Date: Fri Sep 26 2003 - 14:39:41 EDT

  • Next message: allenroy: "Re: Questions to Allen Roy"

    In a message dated 9/26/03 9:20:52 AM Eastern Daylight Time, writes:

    > Granted the Darwinians have the edge because of past validation in simple
    > organisms, until it can do the hard science and describe a plausible
    > evolutionary path to some complex systems, it can't make a firm assertion at
    > completeness.

    No one can make a "firm assertion at completeness" - and it is these kinds of
    open ended and poorly defined phrases that mar your remarks and make them

    Until you've read MacDonald on Judaism you cannot make any definitive
    statements about Darwinian evolution and religion.

    The preview on the inside cover of Darwin’s Cathedral reads: “One of the
    great intellectual battles of modern times is between evolution and religion.
    Until now, they’ve been considered completely irreconcilable theories of
    origin and existence.David Sloan Wilson’s Darwin’s Cathedral takes the radical
    step of joining the two, in the process proposing an evolutionary theory of
    religion that shakes both evolutionary biology and social theory at their
    foundations.The key, argues Wilson, is to think of society as an organism, an old idea
    that has received new life based on recent developments in evolutionary
    biology. If society is an organism can we then think of morality and religion as
    biologically and culturally evolved adaptations that enable human groups to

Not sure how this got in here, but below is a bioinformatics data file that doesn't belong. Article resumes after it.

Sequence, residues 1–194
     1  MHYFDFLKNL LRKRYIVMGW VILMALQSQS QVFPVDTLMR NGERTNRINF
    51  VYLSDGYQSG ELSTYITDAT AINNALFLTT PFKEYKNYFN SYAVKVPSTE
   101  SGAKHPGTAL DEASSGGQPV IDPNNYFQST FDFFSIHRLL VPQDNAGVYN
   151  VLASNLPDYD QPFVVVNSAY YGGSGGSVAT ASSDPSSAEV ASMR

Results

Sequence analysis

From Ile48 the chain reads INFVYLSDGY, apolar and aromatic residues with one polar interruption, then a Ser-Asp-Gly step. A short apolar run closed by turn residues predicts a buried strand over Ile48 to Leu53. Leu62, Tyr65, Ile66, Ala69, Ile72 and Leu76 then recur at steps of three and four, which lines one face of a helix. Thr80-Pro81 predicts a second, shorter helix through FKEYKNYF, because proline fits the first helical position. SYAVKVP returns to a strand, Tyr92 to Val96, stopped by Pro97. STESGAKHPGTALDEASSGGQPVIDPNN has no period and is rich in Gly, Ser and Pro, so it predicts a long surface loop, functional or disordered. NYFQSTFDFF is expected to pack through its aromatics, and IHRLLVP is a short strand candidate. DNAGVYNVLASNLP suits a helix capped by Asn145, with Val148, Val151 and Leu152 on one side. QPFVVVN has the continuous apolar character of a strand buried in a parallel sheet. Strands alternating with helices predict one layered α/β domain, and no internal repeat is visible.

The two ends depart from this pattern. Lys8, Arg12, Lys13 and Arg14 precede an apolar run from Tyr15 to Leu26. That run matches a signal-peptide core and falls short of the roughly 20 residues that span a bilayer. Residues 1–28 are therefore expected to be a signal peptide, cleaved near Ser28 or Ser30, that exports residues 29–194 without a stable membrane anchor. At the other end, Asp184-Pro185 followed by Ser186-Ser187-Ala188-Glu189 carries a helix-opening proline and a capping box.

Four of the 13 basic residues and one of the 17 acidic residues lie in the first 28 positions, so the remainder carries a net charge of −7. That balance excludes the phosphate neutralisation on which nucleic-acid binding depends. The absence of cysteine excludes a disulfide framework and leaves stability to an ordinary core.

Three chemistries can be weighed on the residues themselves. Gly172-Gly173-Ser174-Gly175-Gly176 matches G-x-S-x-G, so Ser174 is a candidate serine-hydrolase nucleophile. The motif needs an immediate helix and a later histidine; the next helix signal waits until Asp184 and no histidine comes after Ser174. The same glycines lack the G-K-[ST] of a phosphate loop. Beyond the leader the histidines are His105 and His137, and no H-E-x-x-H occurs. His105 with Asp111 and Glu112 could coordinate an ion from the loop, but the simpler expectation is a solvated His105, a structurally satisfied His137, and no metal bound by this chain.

function as single units rather than mere collections of individuals?” David Sloan
    Wilson says we can. In his introduction, titled Church as Organism, Wilson
    writes, “The purpose of this book is to treat the organismic concept of
    religious groups as a serious scientific hypothesis....”1

    From the review:

    Wilson is resurrecting the organismic concept of religious groups, but in
    this particular instance, his case is woefully understated.Though he has cited
    the evolutionary psychologist Kevin MacDonald four times,he gives no indication
    that MacDonald in three volumes has brilliantly elucidated the evolutionary
    strategy of Judaism. Unfortunately, just as the organismic concept of religious
    groups, functionalism and Lansing’s work on the temple system of Bali have all
    suffered from the demise of group selection; MacDonald’s prodigious effort
    has not received the public accolades it so richly deserves. Suffice it to say
    that this American professor, in true American style, has leveled the playing
    field by providing equal opportunity strategizing for all. A former tribal
    possession is rendered comprehensible and accessible to all the peoples of the
    world. Do you remember Wilson’s prediction? If human groups “can be rigorously
    shown to function as adaptive units, that will be a major scientific

    It has already been done.

    Once human groups were shown to function as adaptive units, and IQ
    differntials between Jewish and non-Jewish populations were dicovered, the point became
    moot. The higher IQ mean is a result of higher selection stresses coming from
    - that's right - religious motivation impacting the genotype. darwinian
    evolution is not only validated, it is religiously validated.

    No need to respond.

    rich faussette

    other remarks I made in response to a few of steve's musings that were in

    > That should be enough.  I know it sounds like I'm just trying to be
    > obnoxious but that's not it at all.  It was around this very issue that I
    > came to reject the "concrete" idea of the Christ.  That does not, however,
    > mean I reject the symbol of the incarnation, cross and resurrection.  Can
    > Christianity survive without a concrete Christ?
    > Steve Petermann

    This is a non-issue - see logic below.   The question can Christianity